Healthcare in Japan (part one – medication)
In my three years in Japan, I have been to the doctor more times than the rest of my life combined. I have found myself to be rather accident-prone and illness-catching (except for this year’s influenza?..I hope). As a result, I have become very, very familiar with the Japanese healthcare system. Healthcare here is different to back home (with it being a different country and all).
I find doctors are very quick to give prescriptions and treatment here. I once ducked to a local doctor because I had nausea. It wasn’t severe, and if I didn’t need to go to one (or buy medicine) for sick leave, I would have simply stayed at home and rested. The doctor palpated my stomach, gave me x-rays, decided it was a simple stomach bug, and sent me home with three diferent types of medication If I have the slightest sniffle at work, it is guarenteed that someone will ask me if I’m taking medication. Antibiotics are very, very commonly used here.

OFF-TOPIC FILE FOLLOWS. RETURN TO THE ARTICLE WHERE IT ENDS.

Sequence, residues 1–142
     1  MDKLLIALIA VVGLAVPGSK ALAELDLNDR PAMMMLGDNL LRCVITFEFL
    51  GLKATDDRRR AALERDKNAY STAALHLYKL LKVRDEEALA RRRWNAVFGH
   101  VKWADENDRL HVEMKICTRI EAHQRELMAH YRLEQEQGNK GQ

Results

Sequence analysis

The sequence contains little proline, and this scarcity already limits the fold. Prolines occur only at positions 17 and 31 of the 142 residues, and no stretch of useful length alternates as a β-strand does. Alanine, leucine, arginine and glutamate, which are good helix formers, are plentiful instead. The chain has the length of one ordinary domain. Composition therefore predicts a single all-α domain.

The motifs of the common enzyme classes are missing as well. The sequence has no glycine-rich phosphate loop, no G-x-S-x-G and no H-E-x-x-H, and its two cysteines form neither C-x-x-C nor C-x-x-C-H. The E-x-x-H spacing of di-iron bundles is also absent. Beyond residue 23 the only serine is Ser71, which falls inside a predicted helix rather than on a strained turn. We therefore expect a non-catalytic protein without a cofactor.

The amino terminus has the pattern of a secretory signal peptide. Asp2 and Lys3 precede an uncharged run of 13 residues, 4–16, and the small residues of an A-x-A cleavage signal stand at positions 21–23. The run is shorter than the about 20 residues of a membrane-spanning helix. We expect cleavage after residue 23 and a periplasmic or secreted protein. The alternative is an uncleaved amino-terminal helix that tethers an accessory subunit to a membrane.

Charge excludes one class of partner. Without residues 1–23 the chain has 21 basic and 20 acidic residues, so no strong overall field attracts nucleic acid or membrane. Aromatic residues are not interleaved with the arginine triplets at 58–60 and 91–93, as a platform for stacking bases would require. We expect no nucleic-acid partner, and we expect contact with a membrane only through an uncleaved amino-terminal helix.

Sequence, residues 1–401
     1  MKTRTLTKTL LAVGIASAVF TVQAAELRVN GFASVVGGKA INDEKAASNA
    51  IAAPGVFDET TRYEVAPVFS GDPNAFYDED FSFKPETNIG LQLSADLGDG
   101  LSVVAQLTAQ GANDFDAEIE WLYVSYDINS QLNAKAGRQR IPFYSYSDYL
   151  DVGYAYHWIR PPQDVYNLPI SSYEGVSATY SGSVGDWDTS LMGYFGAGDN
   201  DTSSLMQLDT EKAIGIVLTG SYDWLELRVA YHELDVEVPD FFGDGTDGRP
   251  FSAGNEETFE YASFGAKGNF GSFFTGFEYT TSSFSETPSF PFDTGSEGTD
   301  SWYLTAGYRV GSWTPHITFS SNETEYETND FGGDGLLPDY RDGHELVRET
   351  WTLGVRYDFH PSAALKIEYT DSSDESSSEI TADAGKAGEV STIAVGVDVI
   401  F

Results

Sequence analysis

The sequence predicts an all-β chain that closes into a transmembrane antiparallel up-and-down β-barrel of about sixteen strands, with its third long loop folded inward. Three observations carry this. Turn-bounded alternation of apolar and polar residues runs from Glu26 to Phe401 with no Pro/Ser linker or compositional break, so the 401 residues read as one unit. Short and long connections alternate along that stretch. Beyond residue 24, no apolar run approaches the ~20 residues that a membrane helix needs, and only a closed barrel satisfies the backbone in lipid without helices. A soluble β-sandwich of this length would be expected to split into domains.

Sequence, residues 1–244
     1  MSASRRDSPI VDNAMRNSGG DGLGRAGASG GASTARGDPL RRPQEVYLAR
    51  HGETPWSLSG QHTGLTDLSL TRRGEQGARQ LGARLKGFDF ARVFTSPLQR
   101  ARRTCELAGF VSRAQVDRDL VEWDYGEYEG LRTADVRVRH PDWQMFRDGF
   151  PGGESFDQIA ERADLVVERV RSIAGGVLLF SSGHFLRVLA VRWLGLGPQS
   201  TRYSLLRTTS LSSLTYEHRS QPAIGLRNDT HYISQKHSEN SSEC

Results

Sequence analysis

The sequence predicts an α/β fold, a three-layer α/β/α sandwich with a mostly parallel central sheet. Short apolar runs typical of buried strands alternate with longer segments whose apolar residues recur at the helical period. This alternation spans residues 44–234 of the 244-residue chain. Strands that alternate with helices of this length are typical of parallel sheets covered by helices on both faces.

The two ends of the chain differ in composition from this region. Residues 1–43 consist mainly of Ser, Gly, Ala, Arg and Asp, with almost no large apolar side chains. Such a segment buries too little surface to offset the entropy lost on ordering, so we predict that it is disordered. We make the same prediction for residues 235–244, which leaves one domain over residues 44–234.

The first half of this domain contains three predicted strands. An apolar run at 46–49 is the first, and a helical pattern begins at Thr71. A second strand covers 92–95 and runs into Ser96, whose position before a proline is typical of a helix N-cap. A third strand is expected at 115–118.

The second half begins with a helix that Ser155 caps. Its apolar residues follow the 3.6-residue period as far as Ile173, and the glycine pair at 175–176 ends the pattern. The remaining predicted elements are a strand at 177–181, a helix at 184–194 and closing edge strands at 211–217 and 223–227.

On the other hand, over the counter medication is very weak. My mother, who used to work as a midwife, was astounded to find 60mg doses of paracetemol (midwives in NZ have prescribing rights, so she knows her painkillers). Ibuprofen tends to be in really small doses as well, and the “strong” type is still only 75% of the dose of a regular nurofen or advil. So, whilst medication is very popular, people tend to use smaller doses more often. When prescribed it can be a bit of both worlds – I have been given very weak doses and very strong ones, depending on the doctor.
A lot of medication isn’t approved for use here. This isn’t unique to Japan. In researching my medications for when I leave Japan, I have found certain ones I use are not approved in Nz or the USA – I guess simply one of the factors of living between countries. Pseudoephedrine is illegal here, for example, which can be really frustrating when you have a cold and want something to help you power through the day.
Anyway, that’s my ramble on medicine in Japan.